Saturday, March 23, 2013

I’ve Been Meaning To Write This For a While

            In the middle of the night, I went to the bathroom, and, afterwards, when I pushed the toilet handle, nothing happened.  I took off the tank lid, expecting to see a broken chain, and discovered there was no water.  I checked the faucet of the intake pipe; it was open.  I checked the bathtub and sink taps; water flowed from these, just not to the toilet.  It was a mystery.  I shrugged, used a wastebasket to flush, and went back to bed.
            In the morning, I put “Call Plumber” on my To-Do list.  For weeks I meant to make the call, but I didn’t get around to it.  I told myself it was because I had so much work to do (even though I know the call would only take a few minutes), but I knew the truth.
            I am a procrastinator.
            I always have been, and I suspect I always will be.
            I pay a financial price for it.  I put off getting the car inspected, and received a warning.  I put off the inspection, and received a fine.  I didn’t pay the fine, and the letters started to come.  Finally, to prevent the car being towed, I had to pay hundreds of dollars for what should have been a thirty dollar obligation.
            I pay a professional price.  I miss submission deadlines.  I have manuscripts that I have finished and not sent out.  I have half-drafted pieces that I need to complete.  I have ideas that I haven’t started writing at all.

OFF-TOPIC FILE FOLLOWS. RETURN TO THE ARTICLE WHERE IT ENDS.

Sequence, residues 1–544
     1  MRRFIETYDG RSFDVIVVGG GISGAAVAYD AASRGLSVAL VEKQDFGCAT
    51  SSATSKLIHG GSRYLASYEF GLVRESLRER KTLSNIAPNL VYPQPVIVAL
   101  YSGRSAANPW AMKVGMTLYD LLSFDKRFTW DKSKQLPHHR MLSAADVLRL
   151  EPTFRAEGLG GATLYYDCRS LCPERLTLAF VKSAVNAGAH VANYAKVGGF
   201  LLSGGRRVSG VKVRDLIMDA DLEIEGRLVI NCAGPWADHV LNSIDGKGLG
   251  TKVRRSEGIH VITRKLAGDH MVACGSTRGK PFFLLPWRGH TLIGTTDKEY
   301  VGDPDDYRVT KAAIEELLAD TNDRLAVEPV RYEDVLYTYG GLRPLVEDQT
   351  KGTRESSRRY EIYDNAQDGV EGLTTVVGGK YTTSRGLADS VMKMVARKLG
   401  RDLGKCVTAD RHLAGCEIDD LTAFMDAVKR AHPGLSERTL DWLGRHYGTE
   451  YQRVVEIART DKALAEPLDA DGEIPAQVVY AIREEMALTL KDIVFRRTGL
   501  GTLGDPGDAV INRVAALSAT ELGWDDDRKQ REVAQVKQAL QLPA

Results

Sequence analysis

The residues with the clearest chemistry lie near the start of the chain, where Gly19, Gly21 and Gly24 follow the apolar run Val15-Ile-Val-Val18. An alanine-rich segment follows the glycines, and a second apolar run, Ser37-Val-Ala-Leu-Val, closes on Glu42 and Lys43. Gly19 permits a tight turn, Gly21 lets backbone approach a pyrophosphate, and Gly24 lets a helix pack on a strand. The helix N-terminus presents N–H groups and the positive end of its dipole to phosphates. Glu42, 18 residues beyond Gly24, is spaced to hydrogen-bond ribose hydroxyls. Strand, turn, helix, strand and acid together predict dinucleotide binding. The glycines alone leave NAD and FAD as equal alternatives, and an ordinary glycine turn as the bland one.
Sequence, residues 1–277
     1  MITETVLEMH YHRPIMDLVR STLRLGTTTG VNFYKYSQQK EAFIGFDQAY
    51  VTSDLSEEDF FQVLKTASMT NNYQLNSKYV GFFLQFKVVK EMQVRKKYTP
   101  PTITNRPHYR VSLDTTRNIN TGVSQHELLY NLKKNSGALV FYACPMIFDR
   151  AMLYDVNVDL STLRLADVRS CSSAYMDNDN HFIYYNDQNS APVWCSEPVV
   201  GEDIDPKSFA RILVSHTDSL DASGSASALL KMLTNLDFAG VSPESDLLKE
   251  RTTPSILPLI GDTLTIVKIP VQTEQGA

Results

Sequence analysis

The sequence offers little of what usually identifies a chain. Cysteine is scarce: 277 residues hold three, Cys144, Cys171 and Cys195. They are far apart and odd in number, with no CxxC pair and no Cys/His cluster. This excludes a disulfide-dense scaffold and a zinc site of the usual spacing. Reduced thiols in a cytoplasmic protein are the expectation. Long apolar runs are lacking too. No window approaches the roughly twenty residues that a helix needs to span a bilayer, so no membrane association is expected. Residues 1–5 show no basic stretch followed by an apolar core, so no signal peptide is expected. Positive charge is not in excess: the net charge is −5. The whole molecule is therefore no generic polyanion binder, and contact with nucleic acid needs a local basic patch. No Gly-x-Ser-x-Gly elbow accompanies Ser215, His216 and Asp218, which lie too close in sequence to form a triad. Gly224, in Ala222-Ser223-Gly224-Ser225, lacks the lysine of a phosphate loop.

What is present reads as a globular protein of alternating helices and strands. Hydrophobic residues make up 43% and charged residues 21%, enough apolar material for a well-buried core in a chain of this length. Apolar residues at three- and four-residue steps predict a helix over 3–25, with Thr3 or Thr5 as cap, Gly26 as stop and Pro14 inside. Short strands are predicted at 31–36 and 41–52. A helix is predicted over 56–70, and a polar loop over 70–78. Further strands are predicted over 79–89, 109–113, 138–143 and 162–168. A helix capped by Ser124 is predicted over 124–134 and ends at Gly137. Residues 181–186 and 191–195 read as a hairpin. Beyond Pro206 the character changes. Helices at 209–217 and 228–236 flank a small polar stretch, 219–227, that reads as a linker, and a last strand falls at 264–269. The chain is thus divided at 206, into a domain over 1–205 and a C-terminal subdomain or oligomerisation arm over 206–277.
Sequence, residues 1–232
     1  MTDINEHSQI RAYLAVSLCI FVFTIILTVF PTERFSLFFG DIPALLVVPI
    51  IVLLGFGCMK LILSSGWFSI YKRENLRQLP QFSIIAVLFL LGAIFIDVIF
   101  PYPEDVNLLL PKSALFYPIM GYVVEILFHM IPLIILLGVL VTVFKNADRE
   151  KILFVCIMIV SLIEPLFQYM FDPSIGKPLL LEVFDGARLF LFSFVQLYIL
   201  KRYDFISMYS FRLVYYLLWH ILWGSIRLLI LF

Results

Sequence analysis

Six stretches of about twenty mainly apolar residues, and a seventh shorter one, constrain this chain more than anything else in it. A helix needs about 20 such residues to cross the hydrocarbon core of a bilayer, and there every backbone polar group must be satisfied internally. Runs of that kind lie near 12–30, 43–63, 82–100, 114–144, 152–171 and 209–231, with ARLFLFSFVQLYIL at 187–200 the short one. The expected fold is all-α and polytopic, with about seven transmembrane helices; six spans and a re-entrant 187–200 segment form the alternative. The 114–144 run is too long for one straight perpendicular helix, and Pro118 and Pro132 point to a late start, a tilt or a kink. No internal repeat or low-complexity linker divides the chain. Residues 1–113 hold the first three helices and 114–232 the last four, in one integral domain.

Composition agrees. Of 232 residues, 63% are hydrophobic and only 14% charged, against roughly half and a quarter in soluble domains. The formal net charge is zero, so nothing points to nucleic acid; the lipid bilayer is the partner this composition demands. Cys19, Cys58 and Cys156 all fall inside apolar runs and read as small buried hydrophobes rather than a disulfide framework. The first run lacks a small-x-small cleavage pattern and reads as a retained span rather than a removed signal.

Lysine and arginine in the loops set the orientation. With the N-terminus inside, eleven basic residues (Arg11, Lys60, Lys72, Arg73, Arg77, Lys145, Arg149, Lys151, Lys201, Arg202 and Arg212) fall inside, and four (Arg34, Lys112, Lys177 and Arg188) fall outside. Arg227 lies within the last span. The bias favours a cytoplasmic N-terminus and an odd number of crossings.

I pay a social price.  I have friendships that are deteriorating because I’ve been meaning for months, even years, to write a long letter or email.  I’ll be invited to parties or events, but not get around to responding until it’s too late.
            My family pays a price as well.  It can take months for me to fix a bike chain, a skateboard, a burnt-out light bulb, or, say, a toilet.
            And yet there also are advantages.  I’m not asked to do certain tasks because I have a reputation for being unreliable.  Other ones end up not needing to be done all.  Anyone who has returned from vacation and worked through backed-up emails knows this.  Respond to one immediately and later in the queue there will be another that says to ignore the earlier message.  Sometimes when we quickly address a problem without fully understanding it, we make it worse.  If we put it off, we find we have a better sense of possible solutions.  “Sleep on it,” the procrastinator’s slogan, can be excellent advice.
            In fact, I suspect procrastination may be the way a psyche provides balance.  The primal urges and hungers drive a person to action; the procrastination mechanism, whatever it may be, says, “Wait a minute.  Slow down.  What’s the rush?”
Fundamentally, procrastinators are optimists.  We believe that we have time, that there will be a tomorrow.  Rather than being driven by the fear, panic, and urgency of “live each day as if it’s your last,” we wander through our days with the belief that there will be more…more days…more time.  We’re wrong, of course.  There will be a final day, but when it comes, I’m not sure that we’ll feel better about it because we mowed the lawn that morning.
I never did get the toilet fixed.   Weeks later, I absent-mindedly used it again in the middle of the night.  And I absent-mindedly tried to flush . . . and it did.  At some point, the water had returned.  The tank was full.  Even in my sleepy state, I was stunned by this minor miracle.  The next morning I crossed “Call Plumber” off my list and felt a sense of accomplishment.

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